Posted on: 28 June 2019
To make a fresh start, you can expect to begin life after a chapter 7 bankruptcy free of almost all types of debts. Getting behind on bills is only part of the problem — debt collectors can be annoying and can take punitive legal actions against you when you fail to comply with agreements to pay. While there are some debts that cannot be eliminated with a bankruptcy filing, the below debts can be discharged completely with a successful bankruptcy process. Read on for a listing of common consumer debts to which you can say goodbye to forever.
Credit Card Debt — If there is one type of debt many consumers are plagued with it's credit card debt. Cards are usually easy to acquire and the interest on the balances can pile up quickly. Unless the creditor can show that you were fraudulent in your actions when acquiring or using the credit cards, 100% of credit card debt can be discharged. That leaves you with no minimum monthly payments, interest, penalties, or balances to worry about.
Medical Bills — Unexpected medical problems are another common problem with those that file for bankruptcy. Medical care can be extremely expensive and those faced with this type of debt will encounter some particularly aggressive debt collection techniques. It's not uncommon for medical facilities to place liens on your home before you even appear for a scheduled surgery or to give birth.
Contractual Obligations — Many people don't consider the way bankruptcy can relieve you of your financial responsibility when it comes to certain types of consumer contracts. For example, if you are under contract to purchase a home, declaring bankruptcy allows you to get out of that contract without losing your earnest money deposit. Other common consumer contracts that are affected by filing for bankruptcy include:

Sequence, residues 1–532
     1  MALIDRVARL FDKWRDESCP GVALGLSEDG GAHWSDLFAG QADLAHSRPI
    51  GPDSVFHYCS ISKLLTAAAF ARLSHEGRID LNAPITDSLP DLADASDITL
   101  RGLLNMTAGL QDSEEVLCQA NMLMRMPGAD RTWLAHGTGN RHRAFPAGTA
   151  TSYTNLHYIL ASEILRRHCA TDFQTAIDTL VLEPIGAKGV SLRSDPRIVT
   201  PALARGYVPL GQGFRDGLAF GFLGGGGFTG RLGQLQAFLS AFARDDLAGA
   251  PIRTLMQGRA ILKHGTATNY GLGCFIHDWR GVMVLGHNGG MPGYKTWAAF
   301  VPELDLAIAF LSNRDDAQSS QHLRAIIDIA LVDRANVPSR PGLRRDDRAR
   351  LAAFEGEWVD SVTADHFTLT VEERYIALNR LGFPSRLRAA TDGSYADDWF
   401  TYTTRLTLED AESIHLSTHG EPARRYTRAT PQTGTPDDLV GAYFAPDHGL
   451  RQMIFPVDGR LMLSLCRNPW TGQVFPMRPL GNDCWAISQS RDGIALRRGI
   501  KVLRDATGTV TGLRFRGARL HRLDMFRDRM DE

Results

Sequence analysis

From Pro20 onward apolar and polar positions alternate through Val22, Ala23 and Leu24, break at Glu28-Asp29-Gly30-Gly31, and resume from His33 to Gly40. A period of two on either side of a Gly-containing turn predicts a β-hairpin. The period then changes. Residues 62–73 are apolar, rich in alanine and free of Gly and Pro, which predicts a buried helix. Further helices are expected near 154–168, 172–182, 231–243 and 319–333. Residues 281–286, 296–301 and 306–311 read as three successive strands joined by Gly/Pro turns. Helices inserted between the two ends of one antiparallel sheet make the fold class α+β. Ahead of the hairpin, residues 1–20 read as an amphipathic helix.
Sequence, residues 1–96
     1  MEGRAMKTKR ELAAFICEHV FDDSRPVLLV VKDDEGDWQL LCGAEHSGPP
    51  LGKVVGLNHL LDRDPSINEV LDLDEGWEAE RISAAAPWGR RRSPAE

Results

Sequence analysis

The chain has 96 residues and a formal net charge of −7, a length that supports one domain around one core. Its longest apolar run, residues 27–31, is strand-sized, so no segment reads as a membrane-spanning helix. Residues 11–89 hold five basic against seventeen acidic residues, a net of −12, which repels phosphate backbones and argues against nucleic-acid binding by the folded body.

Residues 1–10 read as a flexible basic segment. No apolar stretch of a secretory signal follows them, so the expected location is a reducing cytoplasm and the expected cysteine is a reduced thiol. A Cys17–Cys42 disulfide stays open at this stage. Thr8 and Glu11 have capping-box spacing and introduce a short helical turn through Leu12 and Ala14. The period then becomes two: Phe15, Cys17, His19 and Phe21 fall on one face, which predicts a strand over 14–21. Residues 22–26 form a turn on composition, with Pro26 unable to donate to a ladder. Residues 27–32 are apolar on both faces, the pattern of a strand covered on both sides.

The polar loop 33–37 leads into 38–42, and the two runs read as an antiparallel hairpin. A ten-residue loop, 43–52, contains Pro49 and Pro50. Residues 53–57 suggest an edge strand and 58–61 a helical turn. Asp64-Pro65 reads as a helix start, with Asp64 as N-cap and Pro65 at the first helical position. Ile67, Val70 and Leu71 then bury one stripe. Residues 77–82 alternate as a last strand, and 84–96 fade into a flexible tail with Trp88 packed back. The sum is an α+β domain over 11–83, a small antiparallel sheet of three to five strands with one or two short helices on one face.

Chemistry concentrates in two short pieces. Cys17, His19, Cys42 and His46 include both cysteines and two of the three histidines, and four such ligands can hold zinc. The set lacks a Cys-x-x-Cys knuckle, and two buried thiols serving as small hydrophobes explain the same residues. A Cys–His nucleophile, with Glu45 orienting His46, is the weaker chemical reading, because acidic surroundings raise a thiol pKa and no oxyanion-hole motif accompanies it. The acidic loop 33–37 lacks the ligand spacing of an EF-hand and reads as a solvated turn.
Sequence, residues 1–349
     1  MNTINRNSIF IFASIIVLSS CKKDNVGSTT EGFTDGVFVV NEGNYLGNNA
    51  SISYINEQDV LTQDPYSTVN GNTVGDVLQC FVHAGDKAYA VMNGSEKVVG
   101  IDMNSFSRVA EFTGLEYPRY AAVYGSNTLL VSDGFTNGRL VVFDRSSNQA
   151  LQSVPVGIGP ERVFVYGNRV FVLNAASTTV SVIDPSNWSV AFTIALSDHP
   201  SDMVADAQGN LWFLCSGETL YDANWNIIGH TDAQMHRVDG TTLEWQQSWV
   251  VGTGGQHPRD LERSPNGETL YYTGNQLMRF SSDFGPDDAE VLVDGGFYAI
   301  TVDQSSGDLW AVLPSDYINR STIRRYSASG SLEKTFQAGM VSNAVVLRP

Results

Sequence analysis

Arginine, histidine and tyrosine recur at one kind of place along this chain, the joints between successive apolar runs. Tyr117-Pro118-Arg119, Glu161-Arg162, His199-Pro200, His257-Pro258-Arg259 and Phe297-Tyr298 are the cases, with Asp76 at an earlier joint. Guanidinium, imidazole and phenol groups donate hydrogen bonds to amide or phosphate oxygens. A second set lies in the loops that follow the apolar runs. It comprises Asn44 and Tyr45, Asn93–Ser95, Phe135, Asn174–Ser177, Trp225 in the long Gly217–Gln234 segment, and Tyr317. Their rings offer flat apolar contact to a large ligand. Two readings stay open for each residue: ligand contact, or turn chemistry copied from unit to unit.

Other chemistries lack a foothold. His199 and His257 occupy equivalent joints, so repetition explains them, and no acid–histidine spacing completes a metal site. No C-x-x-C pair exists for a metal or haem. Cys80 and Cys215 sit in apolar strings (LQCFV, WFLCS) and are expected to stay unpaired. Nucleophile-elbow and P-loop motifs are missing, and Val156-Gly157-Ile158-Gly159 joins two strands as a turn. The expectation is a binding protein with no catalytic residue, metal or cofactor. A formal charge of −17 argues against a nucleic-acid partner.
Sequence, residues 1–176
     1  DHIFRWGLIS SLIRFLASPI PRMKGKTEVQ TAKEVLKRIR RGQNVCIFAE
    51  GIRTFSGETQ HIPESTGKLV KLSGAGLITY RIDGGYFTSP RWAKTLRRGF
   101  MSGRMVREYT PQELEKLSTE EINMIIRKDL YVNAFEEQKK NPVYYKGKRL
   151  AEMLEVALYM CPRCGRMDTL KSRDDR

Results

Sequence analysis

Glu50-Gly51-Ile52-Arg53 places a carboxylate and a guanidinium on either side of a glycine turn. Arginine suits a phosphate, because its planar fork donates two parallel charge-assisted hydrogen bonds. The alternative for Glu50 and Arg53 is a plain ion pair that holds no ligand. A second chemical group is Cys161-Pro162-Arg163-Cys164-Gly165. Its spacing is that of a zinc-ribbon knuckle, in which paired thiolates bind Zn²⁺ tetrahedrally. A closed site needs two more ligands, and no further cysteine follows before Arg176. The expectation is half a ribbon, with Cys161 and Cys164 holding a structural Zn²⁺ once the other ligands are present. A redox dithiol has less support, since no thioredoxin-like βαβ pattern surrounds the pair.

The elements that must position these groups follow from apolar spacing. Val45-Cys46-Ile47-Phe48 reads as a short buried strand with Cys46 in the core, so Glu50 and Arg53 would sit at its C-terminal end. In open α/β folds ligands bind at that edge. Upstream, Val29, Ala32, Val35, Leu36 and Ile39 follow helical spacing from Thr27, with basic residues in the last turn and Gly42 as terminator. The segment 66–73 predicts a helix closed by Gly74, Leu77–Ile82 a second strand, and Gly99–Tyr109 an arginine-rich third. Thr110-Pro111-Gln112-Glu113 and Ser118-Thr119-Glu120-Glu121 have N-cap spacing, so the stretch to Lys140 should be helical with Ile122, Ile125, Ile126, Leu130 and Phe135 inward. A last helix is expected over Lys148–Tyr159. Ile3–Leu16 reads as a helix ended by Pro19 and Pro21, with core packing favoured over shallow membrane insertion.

- Leases on rental properties (though you will need to move out).
- Agreements to purchase furniture (though you will likely lose the furniture).
- Agreements to provide services to others.
Legal Cases — Once you file for a chapter 7 bankruptcy, you are no longer obligated to pay judgments. For example, if you were at fault in a car accident and were sued as a result, any judgments imposed are invalided by bankruptcy. You may still be required to pay legal fees and attorney fees, however.
Personal Debts — It's common for some people to borrow money from friends or relatives when times get tough. Fortunately, you don't need to repay those personal debts once you declare bankruptcy. As a side note, you cannot choose to repay a personal debt due to embarrassment or a sense of obligation. Once you declare bankruptcy, the trustee decides who does and who does not get repaid.
To learn more about debt that can be discharged, speak to a bankruptcy attorney firm like Smythe LLP.Share